It often happens that parties to a business venture have discussions which they then decide to set out in writing, encapsulating the salient points of their understanding and setting out a proposed timeline for the finalisation of the various substantive agreements to be concluded in future.
These expressions of understanding and/or intent can adequately be referred to as a Memorandum of Understanding (“MOU”), but do these MOUs create a legally binding agreement and, if not, how can the parties thereto protect themselves and ensure that such agreement will be legally binding?
There is a common misconception that MOUs are always non-binding. MOUs can in fact be binding, non-binding or partly binding and partly non-binding, it all depends on the intention of the parties and the exact wording of the MOU. But uncertainty is rarely a good thing in the context of legal documentation and a poorly drafted MOU containing binding provisions, has the potential to haunt the signatories in Court if the envisaged substantive agreements are never signed. It might also make it difficult for you to raise and negotiate new points which were not included in the MOU.
It will be a question of the law of contract as to whether an MOU is binding or not. Conversely, if the essential terms are not all present, an MOU will be held to be void for vagueness.
The legal binding nature of an MOU was considered in the matter of Southernport Developments (Pty) Ltd v Transnet Limited  JOL 13030 (SCA), where the court of first instance found that there was no agreement between the parties, and the mere fact that there was an obligation to negotiate in good faith did not take the matter any further, replying upon the decision in Premier, Free State and Others v Firechem Free State (Pty) Ltd which held that:
“An agreement that parties would negotiate to conclude another agreement is not enforceable, because the absolute discretion vested in the parties to agree or disagree.”
Such reasoning can prima facie not be faulted by virtue of the fact that the parties should be allowed to negotiate the terms and provisions of an agreement, and in particular the essential terms of the agreement. Should the parties during the course of their negotiations not be in a position to reach finality on the essential terms of an agreement, then an agreement should not be held to have been concluded. However, where parties have already put their “flag to the mast” and expressed their intention to conclude an agreement in regard to a certain matter, can it be expected that one party can hold the remaining party to such an expressed intention?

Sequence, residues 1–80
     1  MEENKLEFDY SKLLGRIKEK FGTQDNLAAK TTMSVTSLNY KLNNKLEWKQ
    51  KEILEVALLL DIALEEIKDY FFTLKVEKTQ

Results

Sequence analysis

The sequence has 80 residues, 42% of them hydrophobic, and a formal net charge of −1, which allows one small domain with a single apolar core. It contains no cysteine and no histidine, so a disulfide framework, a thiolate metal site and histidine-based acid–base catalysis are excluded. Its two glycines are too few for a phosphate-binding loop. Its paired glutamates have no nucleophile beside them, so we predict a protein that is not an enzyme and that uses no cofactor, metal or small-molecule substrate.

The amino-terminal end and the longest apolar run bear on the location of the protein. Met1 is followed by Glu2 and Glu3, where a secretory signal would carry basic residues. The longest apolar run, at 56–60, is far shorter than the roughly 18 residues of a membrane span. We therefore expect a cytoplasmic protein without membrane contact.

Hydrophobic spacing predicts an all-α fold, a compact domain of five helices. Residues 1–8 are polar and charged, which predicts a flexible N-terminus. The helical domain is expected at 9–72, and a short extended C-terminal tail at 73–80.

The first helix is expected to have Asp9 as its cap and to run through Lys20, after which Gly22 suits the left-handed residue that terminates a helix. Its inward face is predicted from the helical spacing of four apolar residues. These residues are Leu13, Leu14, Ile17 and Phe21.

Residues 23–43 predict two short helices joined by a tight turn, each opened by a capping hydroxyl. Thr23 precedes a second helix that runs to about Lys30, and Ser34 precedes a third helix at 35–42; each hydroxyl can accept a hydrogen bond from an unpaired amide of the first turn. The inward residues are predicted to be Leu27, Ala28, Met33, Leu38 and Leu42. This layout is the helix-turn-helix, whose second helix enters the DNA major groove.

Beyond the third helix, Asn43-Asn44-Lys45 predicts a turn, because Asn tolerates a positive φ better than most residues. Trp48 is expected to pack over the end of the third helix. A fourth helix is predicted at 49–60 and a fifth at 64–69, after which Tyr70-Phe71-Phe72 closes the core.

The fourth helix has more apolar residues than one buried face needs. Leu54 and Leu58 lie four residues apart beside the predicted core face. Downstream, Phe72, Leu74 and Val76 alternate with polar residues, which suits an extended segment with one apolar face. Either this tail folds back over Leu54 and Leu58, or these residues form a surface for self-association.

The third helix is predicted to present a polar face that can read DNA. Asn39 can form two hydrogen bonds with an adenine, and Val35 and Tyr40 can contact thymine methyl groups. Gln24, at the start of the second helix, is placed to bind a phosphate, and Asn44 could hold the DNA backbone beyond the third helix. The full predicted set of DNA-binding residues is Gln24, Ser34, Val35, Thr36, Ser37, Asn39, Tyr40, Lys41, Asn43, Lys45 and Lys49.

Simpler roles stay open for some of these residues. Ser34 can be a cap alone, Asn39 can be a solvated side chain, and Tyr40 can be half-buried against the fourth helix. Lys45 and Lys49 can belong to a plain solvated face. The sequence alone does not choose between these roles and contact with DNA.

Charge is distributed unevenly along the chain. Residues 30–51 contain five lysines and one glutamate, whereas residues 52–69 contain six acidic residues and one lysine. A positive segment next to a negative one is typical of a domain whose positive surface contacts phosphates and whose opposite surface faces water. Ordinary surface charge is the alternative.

The Supreme Court held that the present case had to be distinguished from the Firechem case by virtue of the fact that the parties had created a specific mechanism to ensure that an agreement was concluded. This mechanism was the dispute resolution mechanism of arbitration, and provided that in the event of the parties not being in a position to agree on any of the terms and conditions, such dispute would be referred to an arbitrator.
The latter case sets out the appropriate protective measures to be used by any third party that is a party to an “agreement to agree”. It is imperative that such a letter of intent/memorandum of understanding contains a provision, which provides that in the event of the parties not being in a position to reach agreement on any of the terms of the proposed agreement, that such a dispute be referred to arbitration.
It is important to note that an MOU is never a prerequisite and can often serve to delay the drafting and negotiation of the substantive agreements. Practically speaking, an MOU cannot always be avoided, for example, on particularly complex deals or where a negotiating party treats an MOU as a deal breaker and insists that one be drafted. A well-drafted MOU will be partly binding and partly non-binding and will expressly state at the outset which clauses are binding and which clauses are non-binding.
A well-drafted MOU which clearly sets out which clauses are binding, and which are non-binding can set the tone for the negotiation of the substantive agreements to be drafted at a later stage and makes it difficult (but not impossible) for your counterparty to raise fresh issues. Where an MOU is unavoidable then it should be taken seriously. Almost inevitably it will be a document which creates rights and obligations and you need to be sure that the MOU properly reflects your understanding of the arrangements.
The prudent approach is to consult your attorney before committing to an MOU.
- The Law of Contract in South Africa (2006) Fifth Edition: RH Christie [LexisNexis Butterwoths]
- Southernport Developments (Pty) Ltd v Transnet Limited  JOL 13030 (SCA)
For more information regarding commercial matters, please contact:
Henning Pieterse | Partner
Areas of Expertise: Corporate & Commercial Law
This article is a general information sheet and should not be used or relied on as legal or other professional advice. No liability can be accepted for any errors or omissions nor for any loss or damage arising from reliance upon any information herein. Always contact your legal adviser for specific and detailed advice. Errors and omissions excepted (E&OE)